• Bittersweet Ending: Sardjen and Katrina keep their humanity and flee Sarajevo. The old man is still dead and the country itself is still fighting an ugly civil war.
  • Fighting For a Homeland: The Serbs and the Muslims have both decided they get exclusive rights to Sarajevo and their Soviet-era neighbors are now encroaching on their country.
  • It Got Worse: "Dead Winter Dead", when the fighting grows more intense.
  • Literal Genie: God is treated as such in "This Isn't What We Meant". Yugoslavia prayed for change from the oppressive Soviet regime, they didn't want the situation to be completely worse from their actions.
  • Instrumentals: Several. "Overture", "Mozart and Madness", their legendary "Christmas Eve (Sarajevo 12/24)", and "Memory".
  • Not So Different: "Not What You See". Serdjan and Katrina realize this at the end, despite uniforms they're both people who suffer in a pointless war.
  • No Name Given: The old cello player.
  • Our Gargoyles Rock: They certainly do. Subverted however. The gargoyle might be sentient, the first character introduced, but it's still a piece of ornate masonry, not a mobile creature.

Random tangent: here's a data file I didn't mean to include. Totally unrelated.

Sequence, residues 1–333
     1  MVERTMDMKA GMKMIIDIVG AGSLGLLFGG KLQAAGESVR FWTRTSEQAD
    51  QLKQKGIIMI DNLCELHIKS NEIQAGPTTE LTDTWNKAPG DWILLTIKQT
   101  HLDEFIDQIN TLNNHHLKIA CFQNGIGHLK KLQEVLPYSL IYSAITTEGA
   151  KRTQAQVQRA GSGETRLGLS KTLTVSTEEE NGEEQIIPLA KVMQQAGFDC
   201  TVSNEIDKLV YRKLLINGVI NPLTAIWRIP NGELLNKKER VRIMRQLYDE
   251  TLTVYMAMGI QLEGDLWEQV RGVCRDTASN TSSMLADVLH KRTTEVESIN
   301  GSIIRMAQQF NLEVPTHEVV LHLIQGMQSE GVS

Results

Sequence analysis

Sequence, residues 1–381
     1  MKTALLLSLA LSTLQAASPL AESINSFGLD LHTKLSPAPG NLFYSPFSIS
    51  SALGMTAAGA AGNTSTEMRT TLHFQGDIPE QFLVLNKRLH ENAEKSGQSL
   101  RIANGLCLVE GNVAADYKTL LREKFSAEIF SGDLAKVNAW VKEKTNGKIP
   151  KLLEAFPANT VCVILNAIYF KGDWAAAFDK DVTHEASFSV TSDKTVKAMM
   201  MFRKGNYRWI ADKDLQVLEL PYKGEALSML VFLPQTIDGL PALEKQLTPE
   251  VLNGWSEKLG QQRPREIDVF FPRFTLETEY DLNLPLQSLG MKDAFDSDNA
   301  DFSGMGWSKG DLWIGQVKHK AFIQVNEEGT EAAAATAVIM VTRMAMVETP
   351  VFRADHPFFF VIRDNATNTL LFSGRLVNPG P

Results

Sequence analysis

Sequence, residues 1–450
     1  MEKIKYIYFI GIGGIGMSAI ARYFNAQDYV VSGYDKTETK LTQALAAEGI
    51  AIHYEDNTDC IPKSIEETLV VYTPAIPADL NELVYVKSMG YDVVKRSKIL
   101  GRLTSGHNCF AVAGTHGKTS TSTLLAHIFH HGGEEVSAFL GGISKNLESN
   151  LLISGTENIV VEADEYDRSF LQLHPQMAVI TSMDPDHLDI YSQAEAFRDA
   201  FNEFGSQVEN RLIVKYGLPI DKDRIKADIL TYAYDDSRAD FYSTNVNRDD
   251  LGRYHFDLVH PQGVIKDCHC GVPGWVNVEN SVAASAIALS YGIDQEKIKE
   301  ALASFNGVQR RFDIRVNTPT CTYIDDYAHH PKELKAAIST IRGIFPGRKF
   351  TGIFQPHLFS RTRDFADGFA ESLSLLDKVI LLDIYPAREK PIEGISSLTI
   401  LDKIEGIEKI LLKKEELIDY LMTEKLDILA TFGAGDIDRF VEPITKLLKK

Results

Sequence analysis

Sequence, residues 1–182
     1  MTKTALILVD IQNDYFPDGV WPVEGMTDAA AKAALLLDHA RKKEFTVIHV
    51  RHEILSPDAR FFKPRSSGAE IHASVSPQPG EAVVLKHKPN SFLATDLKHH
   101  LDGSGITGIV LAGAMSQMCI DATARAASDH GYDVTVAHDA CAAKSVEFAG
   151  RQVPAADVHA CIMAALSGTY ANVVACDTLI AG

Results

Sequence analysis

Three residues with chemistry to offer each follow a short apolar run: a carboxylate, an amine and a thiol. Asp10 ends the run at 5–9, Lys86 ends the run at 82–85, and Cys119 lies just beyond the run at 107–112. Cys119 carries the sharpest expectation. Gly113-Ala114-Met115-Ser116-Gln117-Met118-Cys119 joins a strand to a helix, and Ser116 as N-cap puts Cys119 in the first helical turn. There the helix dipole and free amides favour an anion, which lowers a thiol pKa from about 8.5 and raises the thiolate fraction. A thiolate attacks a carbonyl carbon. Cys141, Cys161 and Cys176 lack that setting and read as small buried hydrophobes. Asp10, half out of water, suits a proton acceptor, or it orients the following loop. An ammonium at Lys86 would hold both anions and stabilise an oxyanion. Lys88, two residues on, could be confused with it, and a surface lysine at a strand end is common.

• Playing Both Sides: The arms dealers don't care for ideology or politics, hence "Doesn't Matter Anyway".
  • Shoot the Shaggy Dog: The old man dies without accomplishing much. Two enemy soldiers out of many are touched by his death and may have a future but his homeland is still in the grip of a bloody war.
  • Tears From a Stone: Shed by a church gargoyle who watched over Sarajevo for centuries, after the old cello player is finally killed by a stray mortar.
  • Villain Song: Two. "I Am" being the selfish and aggressive parts of human nature that causes people to make war. "Doesn't Matter Anyway" is for the arms dealers getting rich off suffering and, per the title, completely uncaring of any purpose beyond wealth.